DMWSHNZ Ltd v Revenue & Customs Commissioners (2014)


The court had to determine whether a joint election under the Taxation of Chargeable Gains Act 1992 s.171A was valid to enable a company to be deemed as having disposed of loan notes held by its sister company within the same corporate group. The notes, qualifying corporate bonds for the purposes of capital gains tax, had been issued by the purchaser of a shareholding owned by the sister company and related to a loan of the purchase price.


The appellant (D) appealed against a First-tier tribunal's decision ([2013] UKFTT 37 (TC)) upholding the respondent Revenue's rejection of a purported joint election by D and its sister company (G).

D, a member of the Bank of Scotland Group, sold its shares in a wholly owned subsidiary to a company (N). N loaned the purchase price from D and was to pay it off in accordance with the terms of unsecured floating rate loan notes issued by N and held by D. The notes were qualifying corporate bonds for the purposes of capital gains tax. A subsequent restructuring brought D and G together within the same corporate group. N paid the loan notes in 2003 which brought into charge to tax the held-over gain. D and G then made a joint election under the Taxation of Chargeable Gains Act 1992 s.171A to deem the disposal of the loan notes as having been made by G to enable G to set off a capital loss against the capital gain. The Revenue disputed that that was the effect of the election. It was accepted that the debt owed by N was an asset for the purposes of the Act and that its satisfaction constituted a disposal of that asset. The issues were (i) whether, when N repaid the loan notes there was a disposal of an asset by D to N. If not, whether that precluded the application of s.171A to the instant transaction; (ii) was there a transfer of the loan notes from D to N; (iii) could a purposive construction of s.171A be applied.

D claimed that (1) the transaction was a disposal of the debt by D to N for the purposes of s.171A(1)(b) and it was entitled to elect to treat the disposal as having been made by G; (2) alternatively, the transaction was a transfer of the loan notes from D to N which was the transfer of an asset to a person outside the corporate group; (3) alternatively, that s.171A should be interpreted purposively requiring only a disposal of the assets outside the group whether or not the assets were disposed of "to" a person.


(1) The term "disposal" in the Act covered transactions that would not be regarded as disposals in the ordinary use of that word. The disposal of a debt was expressly dealt with in s.251. The absence of a carve out from s.171A in similar terms to that provided tos.171(1) by s.171(2)(a) was not an indication that Parliament intended that satisfaction of a debt should be treated as a disposal of the debt to the debtor by the creditor. D was not assisted by s.171(4) which showed the importance for the operation of s.171 of being able to identify the person to whom the asset had been disposed of in order to bring the transaction within the provision. It was not possible to identify someone to whom the debt was disposed of when the instant debt was satisfied (see paras 14-18, 20-21 of judgment). (2) Section 116 applied to the sale of D's shares because of s.135. The disposal which triggered the bringing into charge of the held-over gain was, under s.116(10), the disposal of the "new asset", which for those purposes was, under s.116(4), the qualifying corporate bond which constituted the "new holding" for the purposes of s.116(1) and s.127 to s.130. Assuming that a distinction could be drawn between the loan notes and the debt, the statutory provisions clearly focused on the former and not the latter. Therefore, the tribunal's conclusion that it was the debt that was the asset for capital gains tax purposes was wrong. The reason why the Revenue brought the gain into charge in 2003 rather than when the shares were originally sold was because the consideration for that sale involved the acquisition by D of qualifying corporate bonds which were disposed of in 2003. The question to ask was whether the loan notes, not the debt, were disposed of "to" N. The disposal in the transaction between N and D was not, or not only, the disposal of the debt by its satisfaction but also the disposal of the separate and distinct loan notes. Even if the qualifying corporate bonds could be regarded as existing separately to the debt they represented during the currency of the loan notes, they ended the moment the debt was repaid. Neither the loan notes' provisions nor the Companies Act 1985 s.194 indicated to the contrary. Therefore, when the loan notes were repaid, there was no disposal by D of the debt or the loan notes to N for the purposes of s.171A (paras 29, 37, 47-50, 59-61). (3) The extra-statutory materials did not require the court to construe s.171A as widely as D wished. The new wording introduced by the Finance Act 2009 s.31 allowed a valid joint election in circumstances such as the instant case. However, Parliament's intention in revising s.171A was to extend its previous ambit not merely to clarify its already wide scope. The re-casting was substantial; it did not permit the court to construe the earlier provision as covering the same broad ground. A purposive construction of s.171A did not entitle or require the court to ignore the reference in s.171A(1)(b) to the disposal being to a person outside the group (paras 64, 67, 69-70).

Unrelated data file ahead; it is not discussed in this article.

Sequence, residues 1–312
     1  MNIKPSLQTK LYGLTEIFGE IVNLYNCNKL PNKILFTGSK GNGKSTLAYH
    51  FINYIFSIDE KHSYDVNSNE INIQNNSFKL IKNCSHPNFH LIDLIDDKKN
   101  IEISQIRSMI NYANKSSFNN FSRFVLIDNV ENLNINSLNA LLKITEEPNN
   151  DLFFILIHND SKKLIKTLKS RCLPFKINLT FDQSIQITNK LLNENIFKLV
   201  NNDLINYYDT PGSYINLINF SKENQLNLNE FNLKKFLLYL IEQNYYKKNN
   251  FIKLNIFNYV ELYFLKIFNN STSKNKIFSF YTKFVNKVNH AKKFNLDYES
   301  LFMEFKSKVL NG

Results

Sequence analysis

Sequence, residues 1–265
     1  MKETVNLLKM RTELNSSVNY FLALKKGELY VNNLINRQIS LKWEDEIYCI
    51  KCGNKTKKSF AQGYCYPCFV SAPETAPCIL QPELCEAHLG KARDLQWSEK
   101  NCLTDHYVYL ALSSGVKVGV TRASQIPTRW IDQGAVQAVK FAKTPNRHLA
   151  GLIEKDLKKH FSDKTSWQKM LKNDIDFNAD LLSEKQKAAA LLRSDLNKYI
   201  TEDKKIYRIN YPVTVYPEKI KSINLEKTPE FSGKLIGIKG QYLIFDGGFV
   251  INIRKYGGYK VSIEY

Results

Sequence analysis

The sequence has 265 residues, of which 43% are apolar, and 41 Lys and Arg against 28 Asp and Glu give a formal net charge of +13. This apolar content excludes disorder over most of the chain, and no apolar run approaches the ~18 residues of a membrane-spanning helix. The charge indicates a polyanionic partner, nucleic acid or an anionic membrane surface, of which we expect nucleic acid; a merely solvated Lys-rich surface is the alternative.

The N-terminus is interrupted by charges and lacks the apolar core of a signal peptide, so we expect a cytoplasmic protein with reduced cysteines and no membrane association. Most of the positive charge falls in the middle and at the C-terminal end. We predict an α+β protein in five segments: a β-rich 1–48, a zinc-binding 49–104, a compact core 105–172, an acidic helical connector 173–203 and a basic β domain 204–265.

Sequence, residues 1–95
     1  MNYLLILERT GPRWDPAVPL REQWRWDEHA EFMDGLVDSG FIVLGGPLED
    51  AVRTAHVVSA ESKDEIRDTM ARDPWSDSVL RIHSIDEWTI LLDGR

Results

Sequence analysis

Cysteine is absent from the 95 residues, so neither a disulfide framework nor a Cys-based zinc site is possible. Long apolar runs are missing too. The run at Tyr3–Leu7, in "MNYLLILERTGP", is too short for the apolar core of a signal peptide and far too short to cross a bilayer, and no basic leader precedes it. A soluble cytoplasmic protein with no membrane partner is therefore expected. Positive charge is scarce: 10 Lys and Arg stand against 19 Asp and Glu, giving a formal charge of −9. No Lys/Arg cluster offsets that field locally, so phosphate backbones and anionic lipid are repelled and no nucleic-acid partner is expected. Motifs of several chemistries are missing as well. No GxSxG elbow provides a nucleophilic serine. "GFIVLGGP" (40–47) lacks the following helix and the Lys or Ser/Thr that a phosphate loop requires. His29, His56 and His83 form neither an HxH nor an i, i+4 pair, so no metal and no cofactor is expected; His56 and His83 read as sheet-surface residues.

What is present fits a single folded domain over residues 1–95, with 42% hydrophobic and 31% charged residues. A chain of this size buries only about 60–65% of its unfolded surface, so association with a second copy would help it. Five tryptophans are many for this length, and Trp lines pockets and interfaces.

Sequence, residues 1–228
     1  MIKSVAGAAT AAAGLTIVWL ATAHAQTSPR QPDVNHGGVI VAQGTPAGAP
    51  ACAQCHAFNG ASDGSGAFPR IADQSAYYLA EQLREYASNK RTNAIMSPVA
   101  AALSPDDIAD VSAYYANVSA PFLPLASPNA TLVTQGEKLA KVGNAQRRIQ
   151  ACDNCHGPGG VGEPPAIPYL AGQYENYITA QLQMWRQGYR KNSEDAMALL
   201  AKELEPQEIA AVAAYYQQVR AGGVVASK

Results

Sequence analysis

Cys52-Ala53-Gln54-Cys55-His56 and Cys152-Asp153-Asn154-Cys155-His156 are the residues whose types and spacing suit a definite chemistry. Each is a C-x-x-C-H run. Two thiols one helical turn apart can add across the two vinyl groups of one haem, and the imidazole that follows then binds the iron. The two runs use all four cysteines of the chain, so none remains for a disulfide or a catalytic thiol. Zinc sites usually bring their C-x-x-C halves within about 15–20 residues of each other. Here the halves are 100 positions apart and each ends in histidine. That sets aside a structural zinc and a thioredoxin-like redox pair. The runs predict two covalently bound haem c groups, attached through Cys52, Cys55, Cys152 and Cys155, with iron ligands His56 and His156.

Appeal dismissed